One of Ron Howard ‘s earliest directing projects was a film – making career for television Skyward.
As Howard told the American Television Archive in 2006, making the film was an amazing experience for him.
What was difficult was directing the legendary actor Bette Davis, initially because of how awesome it was to work with one of the greatest actors in film history.
But also, secondly, because Howard felt she didn’t like it.
How Bette Davis was cast in a Ron Howard movie
It was 1980 and Ron Howard had left the popular sitcom Happy days to pursue his interest in management. That year he started working on it Skyward.
Based on a story he wrote Happy days co-star Anson Williams, the television film was about a flight instructor, played by Bette Davis, which shows a young girl with a disability how to get a plane.
“Anson Williams was passionate about Bette Davis playing the role of this flight instructor,” Howard told the American Television Archive. “This is the story of this former flight instructor who happily agrees to teach a paraplegic girl to fly.”
Howard explained that Skyward “It really was the piece of film that helped to convince a studio that I could direct features.”
Bette Davis did not hide her displeasure with Ron Howard
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Bette Davis, who died in 1989, was less than happy to work with new actor Gilstrap or the film’s director, according to Ron Howard. In fact, it took some time for the new filmmaker to warm up the silver screen star for him.
“I spoke [Davis] on the phone a bit, and she kept calling me ‘Mr. Howard. ‘And I kept saying,’ Call me Ron. ‘”
Howard remembered his curt response. “She said, ‘No, I’ll tell you Mr Howard until I decide if I like you or not’ and I hung up. “She continued to shout‘ Mr. Howard ’through predictions.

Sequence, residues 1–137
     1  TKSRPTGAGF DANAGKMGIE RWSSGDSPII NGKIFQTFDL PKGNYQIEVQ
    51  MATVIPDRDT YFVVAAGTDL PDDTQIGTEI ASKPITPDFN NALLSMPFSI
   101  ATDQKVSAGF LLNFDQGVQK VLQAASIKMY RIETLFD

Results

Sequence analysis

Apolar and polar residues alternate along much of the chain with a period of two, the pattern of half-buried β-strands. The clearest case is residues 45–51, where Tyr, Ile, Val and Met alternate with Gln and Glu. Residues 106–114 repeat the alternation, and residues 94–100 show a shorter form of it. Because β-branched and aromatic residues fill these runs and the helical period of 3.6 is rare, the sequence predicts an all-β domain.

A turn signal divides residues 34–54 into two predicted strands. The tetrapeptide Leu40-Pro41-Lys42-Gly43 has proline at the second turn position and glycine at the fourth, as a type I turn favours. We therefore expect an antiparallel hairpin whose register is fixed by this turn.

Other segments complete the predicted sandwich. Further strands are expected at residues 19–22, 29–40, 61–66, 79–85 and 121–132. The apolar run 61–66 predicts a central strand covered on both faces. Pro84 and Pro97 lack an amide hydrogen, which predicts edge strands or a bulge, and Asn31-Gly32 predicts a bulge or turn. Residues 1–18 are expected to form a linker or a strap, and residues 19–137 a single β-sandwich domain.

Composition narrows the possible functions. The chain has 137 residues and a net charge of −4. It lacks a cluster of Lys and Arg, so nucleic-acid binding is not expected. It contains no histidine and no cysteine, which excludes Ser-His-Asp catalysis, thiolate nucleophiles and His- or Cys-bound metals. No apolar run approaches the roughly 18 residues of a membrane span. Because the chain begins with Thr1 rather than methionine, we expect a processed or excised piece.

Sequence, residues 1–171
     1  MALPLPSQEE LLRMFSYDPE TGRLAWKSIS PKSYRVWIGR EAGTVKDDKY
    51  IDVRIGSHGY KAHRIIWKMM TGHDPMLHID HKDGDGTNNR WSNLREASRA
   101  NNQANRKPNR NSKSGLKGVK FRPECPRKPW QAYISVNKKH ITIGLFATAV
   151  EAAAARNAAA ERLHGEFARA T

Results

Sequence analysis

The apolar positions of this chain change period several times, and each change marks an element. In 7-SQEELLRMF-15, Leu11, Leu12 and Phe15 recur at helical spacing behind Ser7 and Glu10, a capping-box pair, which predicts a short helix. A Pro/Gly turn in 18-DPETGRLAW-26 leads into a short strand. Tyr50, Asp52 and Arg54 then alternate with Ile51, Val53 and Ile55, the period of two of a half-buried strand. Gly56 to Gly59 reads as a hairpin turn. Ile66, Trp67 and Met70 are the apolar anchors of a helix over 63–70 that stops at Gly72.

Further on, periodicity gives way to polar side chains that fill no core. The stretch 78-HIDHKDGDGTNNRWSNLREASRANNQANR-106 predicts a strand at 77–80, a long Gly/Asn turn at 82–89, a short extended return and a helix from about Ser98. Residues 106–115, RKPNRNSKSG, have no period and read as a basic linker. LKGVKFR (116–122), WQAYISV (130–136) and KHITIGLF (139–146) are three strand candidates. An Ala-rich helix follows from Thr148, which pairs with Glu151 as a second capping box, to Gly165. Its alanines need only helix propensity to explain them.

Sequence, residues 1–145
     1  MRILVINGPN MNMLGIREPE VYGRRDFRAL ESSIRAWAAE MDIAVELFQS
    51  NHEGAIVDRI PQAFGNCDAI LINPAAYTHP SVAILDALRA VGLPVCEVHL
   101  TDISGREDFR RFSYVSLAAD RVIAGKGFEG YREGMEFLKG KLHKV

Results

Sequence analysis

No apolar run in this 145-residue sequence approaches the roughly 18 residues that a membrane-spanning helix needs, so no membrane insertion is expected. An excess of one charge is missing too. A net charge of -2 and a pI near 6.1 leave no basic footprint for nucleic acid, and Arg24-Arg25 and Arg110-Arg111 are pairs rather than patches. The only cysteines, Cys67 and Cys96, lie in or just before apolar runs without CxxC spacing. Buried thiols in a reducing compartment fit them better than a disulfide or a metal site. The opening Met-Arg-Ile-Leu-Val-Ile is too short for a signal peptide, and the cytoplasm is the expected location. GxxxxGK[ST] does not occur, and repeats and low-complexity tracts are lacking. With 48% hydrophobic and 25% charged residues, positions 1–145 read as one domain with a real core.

When the crew got a job, Howard said, “We started filming that first day and Bette Davis was a little hard on me.”
Bette David thought Ron Howard was ‘a baby’
The director, who was born in Oklahoma in 1954, looked up to the first day of filming in Dallas in full dress and tie because, he said, “I thought that was what the famous directors of the 40s did, that’s what Bette Davis would have liked. ”
He walked up to Davis, who was in a mock plane ready to be filmed.
“So, the first day of a shoe, I’m here in a jacket and tie, it’s 100 degrees before 8 o’clock in the morning, and she’s in this joke, this little aerobatic plane, and I walk up to her, ”he said.
At that point, Howard said, Davis embarrassed the team and the team.
“She turns around and says, loud enough for the team to hear, ‘Oh! I was so horrified! It’s you! I saw this baby walking towards me and thought about what the world could this baby have to say to me? ‘
“And the team laughed, and I laughed,” he said. “And everyone laughed, and I put a hook or two and went in and gave her the instructions and she was fine.”
Davis finally came around
It took a while for Davis to warm up to the director, and she showed she was grateful with a pat on the back, so to speak.
“Later in the day, I gave her another guide and she was upset about it. I said, ‘Well, try it’ and she agreed. And she liked it and she said strongly, ‘You’re right, you’re right, it makes the scene a lot better. ‘
“And about 4 hours, I folded and said‘ Ms. Davis, you can go home now. ‘”
The Oscar winner responded twice, finally showing her approval for Howard.
“She said, ‘Very good, Ron, I’ll see you tomorrow! ‘It was very important that I called him Ron and not Mr Howard. “
Davis didn’t stop there. “And,” Howard made sure to note, “she kept me on the **. So that was the big iceberg. ”